This sort of musical hijinks, at least to the ears of the gilded age, was decadent, an indication of darker (in both heft and skin tone—a ragtime song was also called a “coon song”) musical forces at work. Ragtime seemed more the province of dance halls and cheap bars than of the upper crust, and though Joplin worked in this field (and moved amongst these people) he always thought of himself as a composer more than a Tin Pan Alley songster.


The present disc opens with Joplin’s most famous composition, the 1899 (or 1897) Maple Leaf Rag, the best-known instrumental rag of the period. Legend has it that a white publisher walked into the upscale black Maple Leaf Club—something that, in those days, simply did not happen—and seated at the piano was none other than Scott Joplin, playing the Maple Leaf Rag. This publisher then bought the piece and, by all accounts, made a mint. True or not, this piece was Joplin’s jump to fame, and even though he outdid himself in Easy Winners, one of Joplin’s greatest achievements built on similar principles, it is the Maple Leaf which continues to hold our attention today: its use of scintillating syncopations over the barline, an uncommon practice even in the rag, gives this piece its sexy surface, coupled with its use of blue notes and sliding chromatic melodies.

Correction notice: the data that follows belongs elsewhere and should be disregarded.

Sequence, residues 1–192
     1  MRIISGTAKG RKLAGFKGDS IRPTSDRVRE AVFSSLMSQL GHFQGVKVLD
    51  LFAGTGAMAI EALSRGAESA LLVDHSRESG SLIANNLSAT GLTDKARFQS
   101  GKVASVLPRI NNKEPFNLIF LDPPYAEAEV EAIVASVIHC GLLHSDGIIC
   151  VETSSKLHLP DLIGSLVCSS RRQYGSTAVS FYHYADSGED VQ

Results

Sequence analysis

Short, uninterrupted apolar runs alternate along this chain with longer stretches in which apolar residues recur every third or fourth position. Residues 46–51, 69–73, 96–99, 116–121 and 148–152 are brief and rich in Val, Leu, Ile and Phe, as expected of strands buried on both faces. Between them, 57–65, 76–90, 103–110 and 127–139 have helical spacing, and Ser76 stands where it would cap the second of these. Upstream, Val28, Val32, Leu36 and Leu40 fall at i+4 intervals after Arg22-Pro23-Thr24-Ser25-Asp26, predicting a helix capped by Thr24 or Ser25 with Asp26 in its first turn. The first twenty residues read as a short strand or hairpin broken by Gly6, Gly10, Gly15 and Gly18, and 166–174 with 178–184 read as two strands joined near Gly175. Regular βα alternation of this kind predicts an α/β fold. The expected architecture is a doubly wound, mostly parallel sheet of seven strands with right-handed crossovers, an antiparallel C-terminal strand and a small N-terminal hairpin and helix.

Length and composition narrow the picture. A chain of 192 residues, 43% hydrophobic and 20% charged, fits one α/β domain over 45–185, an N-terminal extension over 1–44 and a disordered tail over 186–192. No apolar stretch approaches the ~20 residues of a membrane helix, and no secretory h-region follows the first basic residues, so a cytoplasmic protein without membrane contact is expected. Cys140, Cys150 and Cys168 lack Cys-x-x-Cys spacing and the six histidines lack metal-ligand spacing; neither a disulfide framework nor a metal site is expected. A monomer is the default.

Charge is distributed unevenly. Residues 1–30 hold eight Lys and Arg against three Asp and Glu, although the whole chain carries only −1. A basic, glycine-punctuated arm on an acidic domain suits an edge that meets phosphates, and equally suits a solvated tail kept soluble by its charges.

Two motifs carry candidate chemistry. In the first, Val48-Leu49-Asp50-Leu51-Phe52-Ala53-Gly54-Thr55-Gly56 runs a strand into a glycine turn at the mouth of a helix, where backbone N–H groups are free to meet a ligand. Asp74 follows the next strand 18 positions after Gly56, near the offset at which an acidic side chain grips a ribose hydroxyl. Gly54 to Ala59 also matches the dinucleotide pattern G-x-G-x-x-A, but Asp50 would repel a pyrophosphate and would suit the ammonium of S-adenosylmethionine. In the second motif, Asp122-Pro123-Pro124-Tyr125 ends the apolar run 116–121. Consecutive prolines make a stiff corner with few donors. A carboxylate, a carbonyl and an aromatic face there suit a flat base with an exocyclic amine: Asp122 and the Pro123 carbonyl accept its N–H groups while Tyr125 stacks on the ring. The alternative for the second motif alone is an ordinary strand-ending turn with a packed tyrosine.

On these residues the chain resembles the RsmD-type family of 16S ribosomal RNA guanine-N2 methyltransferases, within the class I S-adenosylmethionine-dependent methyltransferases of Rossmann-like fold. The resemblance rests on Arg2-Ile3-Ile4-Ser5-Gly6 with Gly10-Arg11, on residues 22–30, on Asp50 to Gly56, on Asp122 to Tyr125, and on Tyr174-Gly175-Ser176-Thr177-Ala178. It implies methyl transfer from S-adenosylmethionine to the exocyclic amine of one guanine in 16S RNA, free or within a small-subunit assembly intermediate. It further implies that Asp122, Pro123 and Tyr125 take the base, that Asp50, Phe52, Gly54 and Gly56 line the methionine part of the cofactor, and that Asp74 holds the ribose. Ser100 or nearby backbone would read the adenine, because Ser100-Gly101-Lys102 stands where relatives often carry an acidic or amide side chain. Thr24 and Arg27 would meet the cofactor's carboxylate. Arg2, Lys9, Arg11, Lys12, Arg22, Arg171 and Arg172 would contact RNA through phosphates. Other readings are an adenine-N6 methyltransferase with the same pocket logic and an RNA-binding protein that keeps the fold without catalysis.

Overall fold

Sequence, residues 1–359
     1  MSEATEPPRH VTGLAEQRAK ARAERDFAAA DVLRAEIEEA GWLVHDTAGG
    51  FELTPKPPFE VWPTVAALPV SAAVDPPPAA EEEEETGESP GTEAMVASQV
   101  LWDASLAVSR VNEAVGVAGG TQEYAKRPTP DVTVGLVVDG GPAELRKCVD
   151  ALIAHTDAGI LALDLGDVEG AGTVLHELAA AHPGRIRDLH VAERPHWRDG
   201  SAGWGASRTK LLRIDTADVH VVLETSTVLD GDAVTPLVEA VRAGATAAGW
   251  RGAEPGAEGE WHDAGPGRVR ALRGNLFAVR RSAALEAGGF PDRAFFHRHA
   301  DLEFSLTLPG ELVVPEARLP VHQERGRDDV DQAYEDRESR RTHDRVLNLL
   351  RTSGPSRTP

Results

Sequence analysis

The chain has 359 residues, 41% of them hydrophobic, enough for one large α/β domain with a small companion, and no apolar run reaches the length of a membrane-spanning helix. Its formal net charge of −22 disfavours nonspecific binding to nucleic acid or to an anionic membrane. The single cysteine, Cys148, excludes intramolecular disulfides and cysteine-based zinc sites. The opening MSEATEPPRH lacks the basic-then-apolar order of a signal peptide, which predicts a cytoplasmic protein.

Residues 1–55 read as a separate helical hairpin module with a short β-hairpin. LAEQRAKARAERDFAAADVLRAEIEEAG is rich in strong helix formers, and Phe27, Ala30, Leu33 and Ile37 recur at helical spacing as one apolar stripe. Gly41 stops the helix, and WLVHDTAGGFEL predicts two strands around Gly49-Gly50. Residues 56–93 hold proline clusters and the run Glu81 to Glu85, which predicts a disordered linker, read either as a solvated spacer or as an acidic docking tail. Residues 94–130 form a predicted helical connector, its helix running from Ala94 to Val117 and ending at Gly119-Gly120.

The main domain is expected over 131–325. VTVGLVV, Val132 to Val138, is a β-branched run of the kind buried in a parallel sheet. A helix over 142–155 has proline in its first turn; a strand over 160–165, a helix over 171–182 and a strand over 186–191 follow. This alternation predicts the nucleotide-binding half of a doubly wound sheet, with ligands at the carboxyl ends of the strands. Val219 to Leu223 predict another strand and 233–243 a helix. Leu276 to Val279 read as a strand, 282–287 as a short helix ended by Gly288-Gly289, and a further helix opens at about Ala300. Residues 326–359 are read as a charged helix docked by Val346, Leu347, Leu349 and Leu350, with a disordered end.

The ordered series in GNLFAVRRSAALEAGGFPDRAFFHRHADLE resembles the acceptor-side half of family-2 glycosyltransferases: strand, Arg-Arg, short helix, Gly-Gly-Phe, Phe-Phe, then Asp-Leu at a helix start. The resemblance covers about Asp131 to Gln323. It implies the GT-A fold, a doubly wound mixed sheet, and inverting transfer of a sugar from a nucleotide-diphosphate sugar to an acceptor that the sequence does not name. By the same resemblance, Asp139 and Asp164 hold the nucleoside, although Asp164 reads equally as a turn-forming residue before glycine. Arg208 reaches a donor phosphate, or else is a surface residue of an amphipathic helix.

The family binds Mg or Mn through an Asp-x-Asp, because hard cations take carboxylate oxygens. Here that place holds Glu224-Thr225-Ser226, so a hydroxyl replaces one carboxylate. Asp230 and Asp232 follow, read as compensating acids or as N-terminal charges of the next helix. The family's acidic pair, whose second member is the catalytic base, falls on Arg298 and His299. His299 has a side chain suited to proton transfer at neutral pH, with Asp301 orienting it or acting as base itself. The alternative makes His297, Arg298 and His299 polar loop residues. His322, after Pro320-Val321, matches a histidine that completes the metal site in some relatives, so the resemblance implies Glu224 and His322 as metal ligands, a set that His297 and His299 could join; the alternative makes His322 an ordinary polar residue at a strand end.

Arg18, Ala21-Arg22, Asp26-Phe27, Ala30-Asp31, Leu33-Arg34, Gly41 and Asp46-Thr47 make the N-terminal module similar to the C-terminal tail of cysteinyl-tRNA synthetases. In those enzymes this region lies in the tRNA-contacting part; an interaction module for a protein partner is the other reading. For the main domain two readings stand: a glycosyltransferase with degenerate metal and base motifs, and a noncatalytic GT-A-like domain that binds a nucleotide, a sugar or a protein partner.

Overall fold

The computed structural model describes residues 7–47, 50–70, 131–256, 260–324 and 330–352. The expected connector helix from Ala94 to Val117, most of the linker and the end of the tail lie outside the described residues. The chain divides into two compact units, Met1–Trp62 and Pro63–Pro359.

This recording also includes the mainstay piano favourite The Entertainer. This interesting trifle, which became all the rage on intermediate pianos everywhere in the 1970s through a motion picture called The Sting, renewed people’s interest in ragtime, Joplin’s in particular.


Heliotrope Bouquet: A Slow Drag Two Step was composed in Chicago in 1907, a collaboration between Joplin and Louis Chauvin, a younger ragtime composer of note (and someone for whom Joplin had great admiration). The piece makes odd, uncommon use of a sensual Habanera beat, as does Solace—A Mexican Serenade. Latin music and Ragtime music were always thought to have similar rhythmic attributes.